Strong building codes can save lives, reduce costs brought on by disasters

Stronger building codes save lives. That is why, with the start of the 2013 hurricane season, we reintroduced the Safe Building Code Incentive Act to encourage more states to follow the lead of the Garden and Sunshine states in adopting and enforcing model building codes as an important part of disaster mitigation.

Our home states have been hit hard by natural disasters. We have seen first-hand what nature’s forces can do to families, communities and businesses — from the Midwest’s devastating tornadoes to the Southwest’s drought and wildfires to the Eastern Seaboard’s enduring of Hurricane Irene and Superstorm Sandy. 

The National Oceanic and Atmospheric Administration reports there have been 25 major disasters over the past two years that have surpassed $1 billion in economic losses. The economic toll from these events — once the final costs from Sandy are tabulated — could near $200 billion. All of this, of course, is in addition to the greatest cost in these disasters: the lives lost.

States keeping building codes current with the latest International Code Council (ICC) standards are our first line of defense against natural disasters. First-responders, emergency management professionals and the insurance industry all agree that widespread adoption of model building codes can reduce loss of life, protect properties and also reduce the taxpayers’ burden following natural disasters.

It’s no surprise that this bill is so strongly supported. Simply put, homes and buildings constructed according to the most modern codes and best building practices are better able to withstand wind, water and fire when disaster strikes.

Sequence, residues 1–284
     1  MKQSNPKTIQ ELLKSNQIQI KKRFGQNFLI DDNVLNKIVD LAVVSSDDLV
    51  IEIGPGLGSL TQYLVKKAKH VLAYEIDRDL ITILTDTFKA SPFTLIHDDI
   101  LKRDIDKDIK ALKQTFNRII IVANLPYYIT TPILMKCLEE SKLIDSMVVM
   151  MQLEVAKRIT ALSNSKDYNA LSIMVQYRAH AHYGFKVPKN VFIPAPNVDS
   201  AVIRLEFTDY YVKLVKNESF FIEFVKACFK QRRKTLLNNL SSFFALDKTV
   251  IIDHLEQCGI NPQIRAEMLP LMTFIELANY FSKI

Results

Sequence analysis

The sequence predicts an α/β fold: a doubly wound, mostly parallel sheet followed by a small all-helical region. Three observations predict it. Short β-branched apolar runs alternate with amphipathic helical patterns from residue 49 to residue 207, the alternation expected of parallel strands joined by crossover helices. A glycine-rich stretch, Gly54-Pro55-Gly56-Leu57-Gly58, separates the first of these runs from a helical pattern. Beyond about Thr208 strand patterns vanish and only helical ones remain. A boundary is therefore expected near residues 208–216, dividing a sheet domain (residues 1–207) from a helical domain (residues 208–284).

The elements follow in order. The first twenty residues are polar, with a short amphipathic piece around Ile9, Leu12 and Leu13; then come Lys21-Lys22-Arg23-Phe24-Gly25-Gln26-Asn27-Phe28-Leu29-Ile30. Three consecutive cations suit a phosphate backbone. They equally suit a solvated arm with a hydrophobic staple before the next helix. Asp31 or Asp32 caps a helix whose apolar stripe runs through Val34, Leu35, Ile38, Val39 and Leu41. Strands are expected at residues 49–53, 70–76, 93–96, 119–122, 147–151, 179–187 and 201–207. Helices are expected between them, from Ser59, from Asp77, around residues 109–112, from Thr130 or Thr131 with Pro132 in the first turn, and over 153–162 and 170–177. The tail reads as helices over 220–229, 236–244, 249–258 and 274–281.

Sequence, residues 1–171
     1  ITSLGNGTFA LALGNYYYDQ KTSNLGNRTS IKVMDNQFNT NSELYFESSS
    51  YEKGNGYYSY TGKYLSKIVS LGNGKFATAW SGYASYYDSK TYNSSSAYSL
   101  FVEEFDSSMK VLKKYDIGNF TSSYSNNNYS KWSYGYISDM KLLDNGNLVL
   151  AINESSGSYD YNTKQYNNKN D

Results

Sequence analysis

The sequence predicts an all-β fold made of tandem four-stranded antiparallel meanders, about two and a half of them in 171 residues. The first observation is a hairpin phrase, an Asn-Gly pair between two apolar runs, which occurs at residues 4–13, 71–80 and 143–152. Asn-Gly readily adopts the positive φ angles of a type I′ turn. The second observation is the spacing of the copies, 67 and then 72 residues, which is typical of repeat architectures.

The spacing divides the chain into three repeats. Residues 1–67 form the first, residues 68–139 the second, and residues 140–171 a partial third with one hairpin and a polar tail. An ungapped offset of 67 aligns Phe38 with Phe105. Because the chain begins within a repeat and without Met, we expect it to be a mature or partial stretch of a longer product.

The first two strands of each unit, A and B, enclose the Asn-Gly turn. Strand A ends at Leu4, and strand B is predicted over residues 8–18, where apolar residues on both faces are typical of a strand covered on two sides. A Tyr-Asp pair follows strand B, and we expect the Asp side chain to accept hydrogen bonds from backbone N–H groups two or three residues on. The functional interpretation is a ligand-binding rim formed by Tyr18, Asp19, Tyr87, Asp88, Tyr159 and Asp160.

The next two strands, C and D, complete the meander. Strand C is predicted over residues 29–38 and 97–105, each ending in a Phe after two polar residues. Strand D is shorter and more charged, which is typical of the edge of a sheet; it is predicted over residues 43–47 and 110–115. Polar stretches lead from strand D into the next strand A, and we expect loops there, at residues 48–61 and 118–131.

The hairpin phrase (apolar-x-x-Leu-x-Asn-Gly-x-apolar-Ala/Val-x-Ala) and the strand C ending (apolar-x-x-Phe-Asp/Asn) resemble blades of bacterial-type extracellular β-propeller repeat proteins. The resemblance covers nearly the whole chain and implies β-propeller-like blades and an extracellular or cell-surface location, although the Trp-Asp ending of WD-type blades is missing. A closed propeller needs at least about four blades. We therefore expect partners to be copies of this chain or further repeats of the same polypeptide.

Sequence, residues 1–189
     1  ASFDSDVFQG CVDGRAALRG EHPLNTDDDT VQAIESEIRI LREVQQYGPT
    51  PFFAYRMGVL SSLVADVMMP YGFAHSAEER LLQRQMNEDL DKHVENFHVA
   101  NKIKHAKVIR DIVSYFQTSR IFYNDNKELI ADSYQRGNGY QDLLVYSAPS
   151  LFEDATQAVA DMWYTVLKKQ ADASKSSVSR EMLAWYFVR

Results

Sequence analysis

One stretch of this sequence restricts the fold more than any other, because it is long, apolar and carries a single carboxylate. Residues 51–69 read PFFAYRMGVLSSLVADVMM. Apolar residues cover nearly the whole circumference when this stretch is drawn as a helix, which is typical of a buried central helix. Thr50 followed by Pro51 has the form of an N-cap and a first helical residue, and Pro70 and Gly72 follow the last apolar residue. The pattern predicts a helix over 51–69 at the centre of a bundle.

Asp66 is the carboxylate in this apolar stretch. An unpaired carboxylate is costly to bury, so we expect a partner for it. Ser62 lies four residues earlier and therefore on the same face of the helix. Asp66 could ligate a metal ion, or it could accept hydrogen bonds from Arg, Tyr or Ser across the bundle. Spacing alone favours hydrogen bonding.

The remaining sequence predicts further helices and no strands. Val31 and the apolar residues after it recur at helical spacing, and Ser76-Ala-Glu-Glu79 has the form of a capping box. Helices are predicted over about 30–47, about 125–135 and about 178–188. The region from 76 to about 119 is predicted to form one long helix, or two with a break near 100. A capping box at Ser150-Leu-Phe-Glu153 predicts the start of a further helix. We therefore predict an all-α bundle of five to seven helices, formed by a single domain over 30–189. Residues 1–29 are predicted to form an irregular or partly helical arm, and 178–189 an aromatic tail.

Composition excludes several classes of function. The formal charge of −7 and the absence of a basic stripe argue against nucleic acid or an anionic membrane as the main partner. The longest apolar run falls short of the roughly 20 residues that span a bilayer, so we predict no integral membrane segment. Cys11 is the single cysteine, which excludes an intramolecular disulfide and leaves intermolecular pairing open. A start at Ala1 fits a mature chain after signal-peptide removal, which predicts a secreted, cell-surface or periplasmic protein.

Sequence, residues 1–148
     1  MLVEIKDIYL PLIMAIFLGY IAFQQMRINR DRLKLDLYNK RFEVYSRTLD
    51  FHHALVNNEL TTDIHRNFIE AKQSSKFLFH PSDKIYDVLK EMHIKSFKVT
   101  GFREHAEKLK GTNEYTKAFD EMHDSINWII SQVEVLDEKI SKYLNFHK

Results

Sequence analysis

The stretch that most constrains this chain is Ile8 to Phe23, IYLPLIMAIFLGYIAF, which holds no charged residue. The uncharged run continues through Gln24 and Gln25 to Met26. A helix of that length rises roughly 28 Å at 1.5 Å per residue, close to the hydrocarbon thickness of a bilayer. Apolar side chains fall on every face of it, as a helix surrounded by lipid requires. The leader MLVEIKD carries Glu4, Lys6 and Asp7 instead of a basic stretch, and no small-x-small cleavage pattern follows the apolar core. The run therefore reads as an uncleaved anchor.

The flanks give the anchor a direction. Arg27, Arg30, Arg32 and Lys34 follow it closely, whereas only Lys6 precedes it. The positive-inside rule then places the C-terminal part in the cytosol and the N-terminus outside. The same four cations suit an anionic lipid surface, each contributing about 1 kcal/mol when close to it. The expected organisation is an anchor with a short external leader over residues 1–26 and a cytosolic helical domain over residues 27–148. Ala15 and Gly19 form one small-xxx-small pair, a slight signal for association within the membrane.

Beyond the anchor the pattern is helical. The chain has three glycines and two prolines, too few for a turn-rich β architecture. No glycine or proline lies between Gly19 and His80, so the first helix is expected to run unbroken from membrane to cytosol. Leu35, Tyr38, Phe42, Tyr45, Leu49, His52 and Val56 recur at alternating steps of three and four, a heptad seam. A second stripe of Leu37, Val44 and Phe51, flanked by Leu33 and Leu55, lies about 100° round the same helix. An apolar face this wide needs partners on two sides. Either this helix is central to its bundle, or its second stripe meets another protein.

A landmark study conducted by Louisiana State University’s Hurricane Center estimated that if strong building codes were in widespread use through the Gulf States, wind damage costs from Hurricane Katrina could have been reduced by 80 percent, saving taxpayers $8 billion. Another study by the Insurance Institute for Business and Home Safety found that Florida’s existing strong building codes reduced the severity of property damage from Hurricane Charley by more than 40 percent. And while Superstorm Sandy inflicted an enormous amount of damage in New Jersey and New York, the devastation would have surely been worse if we had not already been enforcing strong building codes.

The Safe Building Code Incentive Act would provide states that voluntarily adopt and enforce strong building codes with additional Hazard Mitigation Grant Program (HMGP) funding after a disaster strikes. This funding could be used by local communities to help homeowners elevate their homes, buy out repetitively flooded properties and undertake other actions to prepare for natural disasters of all types. 

Currently, 16 states, including New Jersey and Florida, enforce model building codes that comply with the ICC standards. These states would be immediately eligible for an additional 4 percent in HMGP funds after a declared disaster. The bill would also be applied retroactively to before Oct. 29, 2012, so that New Jersey property owners affected by Superstorm Sandy can receive the extra assistance they need to rebuild stronger and more resilient homes. 

It is our belief and hope that the adoption of the Safe Building Code Incentive Act will ignite an important debate in state capitols across the nation that will culminate in strong building codes becoming the national norm, rather than the exception. The recent tornadoes that devastated Oklahoma not only remind us of what Mother Nature is capable of, but also how vital this legislation is. With climate experts predicting more severe weather patterns in the months and years ahead, it is imperative for Congress to act now.

We need a national strategy that increases our preparedness and helps ensure that new buildings are built to model codes. 

The Safe Building Code Incentive Act provides a good step forward  that would benefit first-responders, homeowners, businesses and taxpayers.

Menendez served as a member of the House of Representatives from 1993-2006 and has been a member of the U.S. Senate since 2006. He is chairman of the Senate Foreign Relations Committee and also serves on the Banking and the Finance committees. Diaz-Balart has served Florida’s 25th congressional district since 2002. He serves on the House Committee on Appropriations.